Dedicated research time could improve recruitment and retention of NHS staff, say academics

NHS sign

Guaranteeing healthcare professionals protected time to devote to research has the potential to be “transformational,” according to a report by the Academy of Medical Sciences.

The report, ‘Transforming health through innovation: Integrating the NHS and academia’, was published on 8 January 2020 and said the move could boost recruitment and retention — particularly in hard-to-recruit areas — and help prevent burnout.

The national academy, set up to advance biomedical and health research, called for an initial pilot scheme offering protected research time to one in five consultants at ten hospitals, one day per week.

It estimates the project would cost around £25m. However, in the long run, would be cost-neutral owing to the benefits to recruitment and patient outcomes.

While the report outlines a pilot aimed at hospital consultants, it adds that “similar pilots should be explored in future for primary care and public health practitioners, nurses, midwives, allied health professionals, dentists and pharmacists”.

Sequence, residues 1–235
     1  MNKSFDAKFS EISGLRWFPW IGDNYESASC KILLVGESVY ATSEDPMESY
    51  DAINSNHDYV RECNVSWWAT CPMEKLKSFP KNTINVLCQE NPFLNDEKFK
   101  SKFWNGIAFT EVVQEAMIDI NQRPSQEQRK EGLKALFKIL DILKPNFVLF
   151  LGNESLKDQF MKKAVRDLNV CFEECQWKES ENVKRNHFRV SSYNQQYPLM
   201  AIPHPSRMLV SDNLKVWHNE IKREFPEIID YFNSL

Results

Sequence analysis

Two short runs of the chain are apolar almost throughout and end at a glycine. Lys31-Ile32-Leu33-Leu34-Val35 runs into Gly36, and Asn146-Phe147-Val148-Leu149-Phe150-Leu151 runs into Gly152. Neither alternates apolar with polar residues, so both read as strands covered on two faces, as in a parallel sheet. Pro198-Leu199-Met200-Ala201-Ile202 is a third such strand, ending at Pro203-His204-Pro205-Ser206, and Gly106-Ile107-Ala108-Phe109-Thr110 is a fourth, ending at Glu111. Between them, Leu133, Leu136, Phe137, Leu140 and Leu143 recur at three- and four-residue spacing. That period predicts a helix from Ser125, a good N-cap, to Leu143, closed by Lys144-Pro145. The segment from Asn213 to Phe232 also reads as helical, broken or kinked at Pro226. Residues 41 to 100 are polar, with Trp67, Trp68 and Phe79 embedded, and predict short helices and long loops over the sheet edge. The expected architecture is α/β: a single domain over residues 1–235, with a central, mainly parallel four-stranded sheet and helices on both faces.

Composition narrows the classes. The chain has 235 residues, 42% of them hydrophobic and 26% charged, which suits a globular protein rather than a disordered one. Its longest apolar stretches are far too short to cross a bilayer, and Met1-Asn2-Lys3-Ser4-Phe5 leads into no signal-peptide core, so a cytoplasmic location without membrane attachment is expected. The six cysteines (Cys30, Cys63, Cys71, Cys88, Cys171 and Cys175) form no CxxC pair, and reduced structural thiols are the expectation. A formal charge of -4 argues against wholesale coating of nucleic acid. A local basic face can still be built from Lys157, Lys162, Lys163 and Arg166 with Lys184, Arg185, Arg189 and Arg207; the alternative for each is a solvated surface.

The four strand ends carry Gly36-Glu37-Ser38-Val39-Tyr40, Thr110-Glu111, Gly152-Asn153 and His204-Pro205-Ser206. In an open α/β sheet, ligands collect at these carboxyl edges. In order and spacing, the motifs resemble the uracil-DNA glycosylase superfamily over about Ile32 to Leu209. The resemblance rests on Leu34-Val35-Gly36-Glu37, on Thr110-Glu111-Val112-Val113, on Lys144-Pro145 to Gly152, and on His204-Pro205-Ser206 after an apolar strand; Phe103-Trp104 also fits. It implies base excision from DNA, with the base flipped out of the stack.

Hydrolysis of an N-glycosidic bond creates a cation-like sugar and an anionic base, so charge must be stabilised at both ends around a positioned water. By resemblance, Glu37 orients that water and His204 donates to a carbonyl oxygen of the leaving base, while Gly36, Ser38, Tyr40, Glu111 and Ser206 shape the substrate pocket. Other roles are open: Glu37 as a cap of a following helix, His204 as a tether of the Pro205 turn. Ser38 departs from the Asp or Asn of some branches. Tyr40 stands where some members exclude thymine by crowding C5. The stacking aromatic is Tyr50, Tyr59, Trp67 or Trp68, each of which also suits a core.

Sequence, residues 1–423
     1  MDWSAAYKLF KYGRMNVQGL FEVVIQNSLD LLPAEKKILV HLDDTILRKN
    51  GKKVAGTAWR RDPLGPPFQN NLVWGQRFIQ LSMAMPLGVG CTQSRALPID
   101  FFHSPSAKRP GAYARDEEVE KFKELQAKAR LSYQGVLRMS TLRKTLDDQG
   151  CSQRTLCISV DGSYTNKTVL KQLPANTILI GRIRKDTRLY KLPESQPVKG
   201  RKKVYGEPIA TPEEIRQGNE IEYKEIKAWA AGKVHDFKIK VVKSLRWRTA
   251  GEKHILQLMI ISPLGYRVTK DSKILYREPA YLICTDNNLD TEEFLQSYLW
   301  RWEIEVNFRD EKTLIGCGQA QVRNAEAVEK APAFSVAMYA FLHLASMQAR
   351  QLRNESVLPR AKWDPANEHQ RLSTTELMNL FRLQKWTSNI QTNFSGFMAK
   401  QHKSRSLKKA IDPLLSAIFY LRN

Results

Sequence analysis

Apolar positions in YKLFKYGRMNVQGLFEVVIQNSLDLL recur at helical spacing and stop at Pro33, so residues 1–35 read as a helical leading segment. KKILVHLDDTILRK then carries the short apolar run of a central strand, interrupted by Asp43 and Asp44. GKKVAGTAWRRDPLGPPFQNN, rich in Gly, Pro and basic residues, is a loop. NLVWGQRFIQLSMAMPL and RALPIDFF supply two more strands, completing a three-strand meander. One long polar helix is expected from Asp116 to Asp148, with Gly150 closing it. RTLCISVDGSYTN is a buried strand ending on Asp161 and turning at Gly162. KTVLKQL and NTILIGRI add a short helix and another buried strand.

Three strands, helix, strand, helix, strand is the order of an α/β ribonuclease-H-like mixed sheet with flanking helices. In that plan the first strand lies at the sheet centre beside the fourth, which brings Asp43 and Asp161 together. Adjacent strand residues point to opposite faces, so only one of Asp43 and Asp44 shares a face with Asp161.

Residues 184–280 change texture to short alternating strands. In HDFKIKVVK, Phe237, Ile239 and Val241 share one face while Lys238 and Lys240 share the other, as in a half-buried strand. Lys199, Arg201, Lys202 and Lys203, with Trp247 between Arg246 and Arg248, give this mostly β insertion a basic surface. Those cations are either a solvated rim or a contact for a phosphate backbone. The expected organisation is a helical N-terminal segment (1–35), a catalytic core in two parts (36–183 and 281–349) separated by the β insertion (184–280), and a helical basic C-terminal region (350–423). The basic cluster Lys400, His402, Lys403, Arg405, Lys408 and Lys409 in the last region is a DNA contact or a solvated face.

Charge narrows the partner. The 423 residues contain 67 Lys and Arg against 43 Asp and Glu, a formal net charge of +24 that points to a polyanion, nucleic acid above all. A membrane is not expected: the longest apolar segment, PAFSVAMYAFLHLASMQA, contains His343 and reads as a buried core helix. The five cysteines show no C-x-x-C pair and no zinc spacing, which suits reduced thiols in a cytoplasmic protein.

The academy predicted its proposals would “generate the changes needed in academia and healthcare organisations across the UK that will be critical if we are to remain globally competitive in the life sciences”.

Sir Robert Lechler, president of the Academy Medical Sciences, said: “Protecting and strengthening research is a win–win situation for patients, the NHS, universities and our economy. Research is the tonic the NHS needs right now.”

Last updated
The Pharmaceutical Journal, Dedicated research time could improve recruitment and retention of NHS staff, say academics;Online:DOI:10.1211/PJ.2020.20207550

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